Last Updated on July 14, 2022 by Jay
This tutorial will show you how to make a wordcloud in Python. Wordcloud is a type of visualization for text data. The below image is a wordcloud. Some words are bigger and bolder while others are smaller. Usually, the more often certain words are mentioned in the data, the bigger those words will appear in this visualization.
In the following wordcloud, the top three keywords are: “vehicle”, “energy” and “year”. Let’s make it now.
Install the following libraries using pip:
pip install wordcloud numpy matplotlib pillow
Wordcloud in Python
The text data is an excerpt from Telsa’s 2021 impact report that describes the company’s goals. For your convenience, I saved a copy of the text and the source code for this tutorial in this GitHub repository: https://github.com/pythoninoffice/blog_example_code/blob/main/wordcloud.ipynb
from wordcloud import WordCloud import numpy as np import matplotlib.pyplot as plt from PIL import Image text_data = '......' # see link to the source code
The wordcloud library is quite easy to use. It literally creates a wordcloud visualization in one line of Python code. (Not counting the code to show it)
Note the below code plt.axis(“off”) will hide axis, this is optional and only for better appearance purposes.
Also note to display the wordcloud, we need to use plt.imshow(), not the normal plt.show().
wc = WordCloud().generate(test_data) plt.axis('off') plt.imshow(wc)
The color and position of each word are randomized each time we run WordCloud().generate(). Below are a few examples:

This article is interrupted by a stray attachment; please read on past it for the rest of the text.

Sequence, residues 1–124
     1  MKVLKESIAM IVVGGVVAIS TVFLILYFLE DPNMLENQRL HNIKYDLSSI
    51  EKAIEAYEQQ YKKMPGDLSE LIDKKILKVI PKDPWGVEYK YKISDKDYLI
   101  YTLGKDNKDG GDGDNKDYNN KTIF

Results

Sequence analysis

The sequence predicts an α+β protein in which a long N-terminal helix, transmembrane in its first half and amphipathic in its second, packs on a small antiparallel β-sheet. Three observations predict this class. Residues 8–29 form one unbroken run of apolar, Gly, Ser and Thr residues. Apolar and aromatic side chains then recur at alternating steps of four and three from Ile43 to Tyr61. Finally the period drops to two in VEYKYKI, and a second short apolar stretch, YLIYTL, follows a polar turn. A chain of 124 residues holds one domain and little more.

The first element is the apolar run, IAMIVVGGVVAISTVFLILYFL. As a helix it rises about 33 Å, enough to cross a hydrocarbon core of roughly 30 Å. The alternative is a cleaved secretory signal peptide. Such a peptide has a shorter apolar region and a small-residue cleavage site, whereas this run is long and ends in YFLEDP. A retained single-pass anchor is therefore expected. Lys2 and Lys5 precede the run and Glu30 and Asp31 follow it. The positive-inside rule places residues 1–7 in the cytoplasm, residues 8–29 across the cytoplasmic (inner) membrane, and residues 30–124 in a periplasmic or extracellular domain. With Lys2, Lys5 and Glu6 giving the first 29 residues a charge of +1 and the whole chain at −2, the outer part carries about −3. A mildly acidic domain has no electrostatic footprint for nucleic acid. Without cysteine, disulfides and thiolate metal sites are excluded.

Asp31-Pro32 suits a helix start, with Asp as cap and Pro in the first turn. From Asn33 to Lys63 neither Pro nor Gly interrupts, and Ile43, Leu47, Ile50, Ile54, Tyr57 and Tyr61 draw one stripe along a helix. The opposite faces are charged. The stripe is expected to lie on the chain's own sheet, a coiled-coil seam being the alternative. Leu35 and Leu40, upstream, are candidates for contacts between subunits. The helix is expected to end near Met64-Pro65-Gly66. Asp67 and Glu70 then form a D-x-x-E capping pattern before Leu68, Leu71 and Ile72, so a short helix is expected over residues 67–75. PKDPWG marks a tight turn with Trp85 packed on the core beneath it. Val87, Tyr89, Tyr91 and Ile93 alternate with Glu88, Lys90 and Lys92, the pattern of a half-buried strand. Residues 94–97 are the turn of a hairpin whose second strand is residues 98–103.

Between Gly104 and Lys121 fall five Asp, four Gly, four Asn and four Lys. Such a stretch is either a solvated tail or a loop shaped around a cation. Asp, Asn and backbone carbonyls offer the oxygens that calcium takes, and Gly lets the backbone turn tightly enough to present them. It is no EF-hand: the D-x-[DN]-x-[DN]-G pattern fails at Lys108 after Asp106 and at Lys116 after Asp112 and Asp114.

To spice up the wordcloud, we can organize the words into any shape instead of just a rectangle.
I suggest using a black and white image for the best result, also we don’t need extra processing for the image. I found an image of the Apple logo – but you are free to use whatever image you want.
We’ll use the Pillow library to read the image into Python. To a computer, an image is just a matrix of integer numbers ranging from 0 to 255. The numpy library conveniently converts a Pillow image object into an np.array object. Note the [255,255,255] corresponds to the RGB color values. A value of [0,0,0] represents black, and a value of [255,255,255] represents white.
img_mask = np.array(Image.open(img_url)) img_mask array([[[255, 255, 255], [255, 255, 255], [255, 255, 255], ..., [255, 255, 255], [255, 255, 255], [255, 255, 255]], ..., [[255, 255, 255], [255, 255, 255], [255, 255, 255], ..., [255, 255, 255], [255, 255, 255], [255, 255, 255]]], dtype=uint8)
Note the above image, the apple shape is in black and background is in white – this is exactly how we want it. The area in white color is the “mask”. The wordcloud library will not show anything in the (white) masking area, at the same time, it will find a way to organize words inside the apple logo shape.
wc = WordCloud(width=1600, height=1600, mask= img_mask, background_color = 'white').generate(text_data) plt.figure(figsize=[10,10]) plt.axis("off") plt.imshow(wc)
We can also add a borderline (contour) around the words if you think the shape isn’t obvious enough. Simply pass in the contour_width and contour_color arguments into the WordCloud() constructor:
wc = WordCloud(width=1600, height=1600, mask= img_mask, background_color = 'white', contour_width=1, contour_color='red' ).generate(a) plt.figure(figsize=[10,10]) plt.axis("off") plt.imshow(wc)